Closing Date: December 21, 2020
This Research Opportunity will be filled depending on the availability of funds. All application materials must be submitted through USAJobs by 11:59 pm, US Eastern Standard Time, on the closing date.
How to Apply
The Cascadia subduction zone (CSZ) is an inherently complex three-dimensional system, where along strike variability in physical parameters likely exerts significant control over widespread deformation patterns. Evaluating fundamental characteristics of the CSZ and coupling with upper crustal deformation requires quantifying the effects of physical properties in the subducting and overriding plates. For example, subduction zone geometry, rheological properties, mantle flow boundary conditions, and continental scale structures have been shown to effect crustal deformation in Alaska (Jadamec et al., 2013). Similar along-strike variability exists within the Cascadia subduction zone system but remains relatively unexplored.
The goal of this Mendenhall Research Opportunity is to use state-of-the-art subduction zone modeling to better understand physical controls on the Cascadia subduction zone and how stresses are translated into forearc and backarc deformation and landscape evolution. Sophisticated high-resolution forward modeling of along-strike cross sections provides a potential means for reconciling north-south variations in geologic and geophysical observations of the Cascadia subduction zone and exploring fundamental controls on upper crustal deformation and landscape evolution. Objectives include exploring physical parameters that may control modern subduction dynamics and upper crustal deformation patterns in the U.S. Pacific Northwest.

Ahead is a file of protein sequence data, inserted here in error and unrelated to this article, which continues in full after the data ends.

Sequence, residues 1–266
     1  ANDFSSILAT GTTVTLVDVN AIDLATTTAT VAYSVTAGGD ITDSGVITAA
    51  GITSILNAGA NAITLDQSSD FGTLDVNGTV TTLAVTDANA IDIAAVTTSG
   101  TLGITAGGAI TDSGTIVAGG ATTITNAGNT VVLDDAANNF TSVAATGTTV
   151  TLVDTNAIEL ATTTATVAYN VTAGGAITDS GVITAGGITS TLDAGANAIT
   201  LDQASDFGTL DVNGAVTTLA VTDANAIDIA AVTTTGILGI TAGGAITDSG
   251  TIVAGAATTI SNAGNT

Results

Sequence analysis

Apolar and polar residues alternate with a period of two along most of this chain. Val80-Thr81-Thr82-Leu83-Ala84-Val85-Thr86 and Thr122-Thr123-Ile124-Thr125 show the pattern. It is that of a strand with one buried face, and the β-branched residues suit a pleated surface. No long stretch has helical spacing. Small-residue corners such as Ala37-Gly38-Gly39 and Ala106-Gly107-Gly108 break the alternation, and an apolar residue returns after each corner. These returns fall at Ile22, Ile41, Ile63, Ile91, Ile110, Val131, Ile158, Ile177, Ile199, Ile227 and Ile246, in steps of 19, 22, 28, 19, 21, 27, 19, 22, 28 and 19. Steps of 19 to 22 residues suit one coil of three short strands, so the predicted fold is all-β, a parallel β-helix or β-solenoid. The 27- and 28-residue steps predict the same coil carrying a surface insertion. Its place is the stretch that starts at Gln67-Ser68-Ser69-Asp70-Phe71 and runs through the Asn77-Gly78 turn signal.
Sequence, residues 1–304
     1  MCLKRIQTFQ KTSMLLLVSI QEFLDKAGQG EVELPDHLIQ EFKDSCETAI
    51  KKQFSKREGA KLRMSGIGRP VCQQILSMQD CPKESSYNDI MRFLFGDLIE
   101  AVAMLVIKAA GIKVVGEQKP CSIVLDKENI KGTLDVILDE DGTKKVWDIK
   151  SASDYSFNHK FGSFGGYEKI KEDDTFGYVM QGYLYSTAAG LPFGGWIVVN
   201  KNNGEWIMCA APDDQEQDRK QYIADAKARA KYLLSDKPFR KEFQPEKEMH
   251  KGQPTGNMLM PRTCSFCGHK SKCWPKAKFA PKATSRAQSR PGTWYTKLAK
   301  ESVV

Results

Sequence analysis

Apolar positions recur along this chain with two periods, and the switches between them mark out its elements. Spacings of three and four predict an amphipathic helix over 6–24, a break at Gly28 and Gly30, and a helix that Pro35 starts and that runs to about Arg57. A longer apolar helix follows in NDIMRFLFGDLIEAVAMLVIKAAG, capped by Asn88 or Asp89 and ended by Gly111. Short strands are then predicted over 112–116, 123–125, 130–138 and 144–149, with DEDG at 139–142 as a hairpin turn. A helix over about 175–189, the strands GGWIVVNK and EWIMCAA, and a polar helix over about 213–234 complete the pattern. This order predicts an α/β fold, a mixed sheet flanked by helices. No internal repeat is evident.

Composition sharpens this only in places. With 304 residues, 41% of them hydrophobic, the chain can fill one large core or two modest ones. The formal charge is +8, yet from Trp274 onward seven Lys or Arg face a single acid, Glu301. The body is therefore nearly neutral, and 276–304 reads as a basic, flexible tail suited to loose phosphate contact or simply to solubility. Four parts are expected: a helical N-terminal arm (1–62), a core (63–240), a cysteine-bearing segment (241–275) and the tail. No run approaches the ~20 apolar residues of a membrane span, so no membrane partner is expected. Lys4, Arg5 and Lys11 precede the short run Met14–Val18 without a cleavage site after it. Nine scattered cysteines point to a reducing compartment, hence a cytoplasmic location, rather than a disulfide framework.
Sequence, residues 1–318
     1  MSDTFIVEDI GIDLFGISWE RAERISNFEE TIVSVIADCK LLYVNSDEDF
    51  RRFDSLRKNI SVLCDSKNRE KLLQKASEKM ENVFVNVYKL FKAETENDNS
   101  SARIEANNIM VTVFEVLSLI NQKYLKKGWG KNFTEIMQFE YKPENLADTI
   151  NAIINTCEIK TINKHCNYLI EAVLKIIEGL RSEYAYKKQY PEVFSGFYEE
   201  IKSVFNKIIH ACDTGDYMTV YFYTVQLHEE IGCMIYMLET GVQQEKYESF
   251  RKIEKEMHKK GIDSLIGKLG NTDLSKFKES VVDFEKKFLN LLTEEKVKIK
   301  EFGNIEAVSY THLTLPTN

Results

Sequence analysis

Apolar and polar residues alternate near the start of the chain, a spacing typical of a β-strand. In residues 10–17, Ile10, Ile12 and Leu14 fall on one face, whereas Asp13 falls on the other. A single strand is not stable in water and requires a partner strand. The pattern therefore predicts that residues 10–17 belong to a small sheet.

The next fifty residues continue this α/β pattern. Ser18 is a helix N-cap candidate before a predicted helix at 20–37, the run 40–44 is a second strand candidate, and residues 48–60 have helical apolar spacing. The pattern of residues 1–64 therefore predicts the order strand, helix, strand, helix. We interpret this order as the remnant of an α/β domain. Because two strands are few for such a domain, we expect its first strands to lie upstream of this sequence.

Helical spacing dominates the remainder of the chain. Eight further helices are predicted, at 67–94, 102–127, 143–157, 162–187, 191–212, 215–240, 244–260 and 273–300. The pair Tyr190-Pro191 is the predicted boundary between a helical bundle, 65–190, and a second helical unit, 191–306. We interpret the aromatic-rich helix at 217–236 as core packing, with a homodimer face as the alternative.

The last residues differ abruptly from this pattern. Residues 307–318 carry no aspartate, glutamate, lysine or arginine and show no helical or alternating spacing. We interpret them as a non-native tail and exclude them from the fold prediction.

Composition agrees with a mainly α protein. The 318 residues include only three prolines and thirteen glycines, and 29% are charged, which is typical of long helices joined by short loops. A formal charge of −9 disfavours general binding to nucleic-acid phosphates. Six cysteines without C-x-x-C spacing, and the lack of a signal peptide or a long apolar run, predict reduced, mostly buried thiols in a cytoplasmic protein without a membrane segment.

Critical parameters to explore may include: (1) Structure of the downgoing slab and downgoing-overriding plate interface; (2) Overriding plate structure, including inherited lithospheric shear zones and variations in temperature and strength across distinct geologic terranes; (3) Lithospheric and upper mantle rheology, including viscous flow laws, brittle failure criterion, phase changes and fluid transport; (4) Geographic model size and the importance of boundary conditions on both regional and large-scale deformation patterns; (5) Coupling between lithospheric deformation and landscape evolution.
This project involves simulating highly non-linear systems and quantitative comparisons with geologic and instrumental observations, requiring familiarity with computational dynamics and understanding of geophysical datasets, tectonic systems, and structural geology. We encourage the post-doctoral researcher to develop innovative approaches to address outstanding questions in Cascadia subduction zone science.
Interested applicants are strongly encouraged to contact the Research Advisor(s) early in the application process to discuss project ideas.
Jadamec et al., (2013). Three-dimensional numerical models of flat slab subduction and the Denali fault driving deformation in south-central Alaska. EPSL, 376, 29–42.
Proposed Duty Station: Portland, OR
Areas of PhD: Geology and geophysics or related fields (candidates holding a Ph.D. in other disciplines, but with extensive knowledge and skills relevant to the Research Opportunity may be considered).
(This type of research is performed by those who have backgrounds for the occupations stated above. However, other titles may be applicable depending on the applicant's background, education, and research proposal. The final classification of the position will be made by the Human Resources specialist.)
Human Resources Office Contact: Audrey Tsujita, 916-278-9395, firstname.lastname@example.org